No. 41421.

432 S.W.2d 94 (1968)

Ronald Dewey BEAL, Appellant, v. The STATE of Texas, Appellee.

Court of Criminal Appeals of Texas.

Rehearing Denied October 23, 1968.

Attorney(s) appearing for the Case

John W. O'Dowd, Walter E. Boyd, Jr., Houston, for appellant.

Carol S. Vance, Dist. Atty., James C. Brough and Jimmy James, Asst. Dist. Attys., Houston, and Leon B. Douglas, State's Atty., Austin, for the State.


DICE, Judge.

The conviction is under Art. 726d, Vernon's Ann.P.C., for the unlawful possession of a barbiturate; the punishment, 730 days in jail.

It was shown by the state's testimony that on the day in question the appellant was arrested by Officer Lilley for being drunk in a public place as he (appellant) was getting into an automobile parked on the street. Following his arrest, appellant was placed in the custody of Officer Lewis, who proceeded to search him at the scene. In the search, a red and blue capsule was found on appellant's person, which capsule the officer testified he put in an envelope and, after sealing the same, placed the envelope in a locked box at the police station, to be examined by the laboratory technician. State's exhibit #1, introduced in evidence by the state without objection, was identified by the officer as the envelope which he placed in the locked box.

Chemist Floyd McDonald testified that he removed state's exhibit #1 from the locked box, which exhibit was an envelope containing "a little red and blue capsule." The chemist testified that he examined the contents of the capsule and that such was found to be a mixture of seco barbital and barbiturate acid. He further testified that the capsule was manufactured by Eli Lilly.

Testifying as a witness in his own behalf, appellant denied that he possessed the capsule (state's exhibit #1) in question and that Officer Lewis found the same on his person in the search.

We first overrule appellant's contention (ground of error #6) that the evidence is insufficient to support the conviction because the proof failed to show that the capsule alleged to have been found on his person was a dangerous drug within the meaning of Art. 726d, P.C.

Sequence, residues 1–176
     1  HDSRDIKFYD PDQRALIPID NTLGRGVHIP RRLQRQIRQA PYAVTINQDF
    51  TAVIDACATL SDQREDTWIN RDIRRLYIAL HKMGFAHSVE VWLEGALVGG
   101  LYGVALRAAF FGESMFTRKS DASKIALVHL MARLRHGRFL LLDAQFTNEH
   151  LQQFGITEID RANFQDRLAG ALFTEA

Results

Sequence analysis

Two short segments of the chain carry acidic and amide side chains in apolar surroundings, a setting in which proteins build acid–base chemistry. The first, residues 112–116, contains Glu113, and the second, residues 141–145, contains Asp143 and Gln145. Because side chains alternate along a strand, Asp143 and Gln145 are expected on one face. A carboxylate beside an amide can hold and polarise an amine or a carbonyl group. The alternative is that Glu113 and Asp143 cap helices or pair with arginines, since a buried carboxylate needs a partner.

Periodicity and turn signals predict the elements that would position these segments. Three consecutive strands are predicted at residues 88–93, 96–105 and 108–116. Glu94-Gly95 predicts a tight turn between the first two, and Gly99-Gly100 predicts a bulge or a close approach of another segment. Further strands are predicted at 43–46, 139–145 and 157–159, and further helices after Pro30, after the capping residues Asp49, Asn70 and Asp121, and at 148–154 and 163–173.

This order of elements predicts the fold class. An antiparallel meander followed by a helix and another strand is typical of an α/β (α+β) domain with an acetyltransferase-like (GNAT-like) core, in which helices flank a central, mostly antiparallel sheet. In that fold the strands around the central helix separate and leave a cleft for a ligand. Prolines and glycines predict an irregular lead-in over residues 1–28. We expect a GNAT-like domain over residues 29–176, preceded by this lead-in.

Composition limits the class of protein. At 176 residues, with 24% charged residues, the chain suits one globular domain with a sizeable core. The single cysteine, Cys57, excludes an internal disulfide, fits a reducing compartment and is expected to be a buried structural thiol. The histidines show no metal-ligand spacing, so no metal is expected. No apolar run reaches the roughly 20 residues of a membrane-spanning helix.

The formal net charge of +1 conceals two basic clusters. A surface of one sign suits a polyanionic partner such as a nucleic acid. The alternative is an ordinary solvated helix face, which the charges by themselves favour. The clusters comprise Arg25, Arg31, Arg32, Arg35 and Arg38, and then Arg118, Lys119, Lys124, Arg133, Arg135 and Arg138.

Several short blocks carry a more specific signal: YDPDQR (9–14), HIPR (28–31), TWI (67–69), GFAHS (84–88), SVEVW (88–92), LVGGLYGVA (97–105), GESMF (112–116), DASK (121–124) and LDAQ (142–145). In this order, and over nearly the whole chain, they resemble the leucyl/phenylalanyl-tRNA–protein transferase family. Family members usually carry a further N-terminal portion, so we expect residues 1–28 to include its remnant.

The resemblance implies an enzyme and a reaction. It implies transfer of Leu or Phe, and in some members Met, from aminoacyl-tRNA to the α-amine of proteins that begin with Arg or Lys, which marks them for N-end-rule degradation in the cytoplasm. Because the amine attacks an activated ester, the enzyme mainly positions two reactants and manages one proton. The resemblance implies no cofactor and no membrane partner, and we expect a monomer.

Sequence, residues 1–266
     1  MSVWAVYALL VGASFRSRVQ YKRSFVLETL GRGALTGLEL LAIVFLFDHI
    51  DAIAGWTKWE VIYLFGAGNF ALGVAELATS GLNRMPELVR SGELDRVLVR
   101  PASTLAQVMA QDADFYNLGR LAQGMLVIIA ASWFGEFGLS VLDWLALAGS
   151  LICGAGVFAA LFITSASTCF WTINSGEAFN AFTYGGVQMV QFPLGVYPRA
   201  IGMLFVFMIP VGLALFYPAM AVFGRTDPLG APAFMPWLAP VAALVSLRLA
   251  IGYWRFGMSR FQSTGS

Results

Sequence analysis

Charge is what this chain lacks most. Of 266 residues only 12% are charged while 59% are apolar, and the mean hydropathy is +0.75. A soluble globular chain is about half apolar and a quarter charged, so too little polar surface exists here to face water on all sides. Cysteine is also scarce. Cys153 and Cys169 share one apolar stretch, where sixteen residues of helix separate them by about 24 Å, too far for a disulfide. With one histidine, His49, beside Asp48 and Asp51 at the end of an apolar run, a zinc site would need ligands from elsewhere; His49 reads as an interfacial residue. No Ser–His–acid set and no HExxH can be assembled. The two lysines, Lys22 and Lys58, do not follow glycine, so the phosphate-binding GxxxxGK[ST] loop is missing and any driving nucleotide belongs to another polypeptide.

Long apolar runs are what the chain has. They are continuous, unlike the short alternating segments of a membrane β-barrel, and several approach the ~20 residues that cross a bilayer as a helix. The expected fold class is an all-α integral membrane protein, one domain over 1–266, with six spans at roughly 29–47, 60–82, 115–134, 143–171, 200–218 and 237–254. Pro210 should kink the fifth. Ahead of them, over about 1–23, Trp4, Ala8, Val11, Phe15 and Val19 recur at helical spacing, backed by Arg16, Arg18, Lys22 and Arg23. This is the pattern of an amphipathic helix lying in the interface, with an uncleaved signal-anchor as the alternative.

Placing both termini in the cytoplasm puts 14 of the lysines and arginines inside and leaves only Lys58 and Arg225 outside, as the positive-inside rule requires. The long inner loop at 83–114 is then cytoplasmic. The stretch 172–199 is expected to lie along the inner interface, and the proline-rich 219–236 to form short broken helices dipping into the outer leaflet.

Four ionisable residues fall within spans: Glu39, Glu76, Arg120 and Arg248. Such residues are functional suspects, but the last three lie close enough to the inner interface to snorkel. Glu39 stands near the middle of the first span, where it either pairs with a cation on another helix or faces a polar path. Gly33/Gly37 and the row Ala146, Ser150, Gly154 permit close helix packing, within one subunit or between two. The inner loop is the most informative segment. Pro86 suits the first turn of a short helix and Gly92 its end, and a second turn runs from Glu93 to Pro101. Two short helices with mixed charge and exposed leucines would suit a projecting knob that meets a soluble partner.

The term "dangerous drug" as defined in Sec. 2(a) of the statute includes "(1) Any barbiturate or other hypnotic drug." A "barbiturate," under the terms of the statute, includes "* * * barbituric acid derivatives * * *."

Chemist McDonald testified that the capsule in question contained a mixture of "seco barbital and barbiturate [sic] acid." He further testified that the derivative of barbiturate is addictive and one referred to as "barbiturate [sic] acid, sleeping pills."

Appellant in person and through his counsel also offered to stipulate, among other things, that the chemist would testify that the capsule in question was a barbiturate. Although the state did not agree to the stipulation, such offer was in fact made by appellant.

We also overrule appellant's grounds of error #7 and #8, which contend that the evidence is insufficient to support the conviction because (1) the chain of custody of the capsule from the arresting officer to the chemist was not shown, and (2) it was not shown that the capsule in question (state's exhibit #1) was the one found on appellant's person.

In his ground of error # 1, appellant insists that the court erred in failing to grant a mistrial following a certain statement made by state's counsel in his closing argument to the jury.

The record reflects that after appellant had taken the witness stand in his own behalf state's counsel James testified on rebuttal that the appellant's general reputation for truth and veracity was bad. In his closing argument to the jury, Counsel James, in referring to appellant, stated:

"People know he is a habitual liar. I know this personally."

Appellant's objection to the statement on the ground that it constituted unsworn testimony was by the court sustained and the jury was instructed, in effect, not to consider the statement.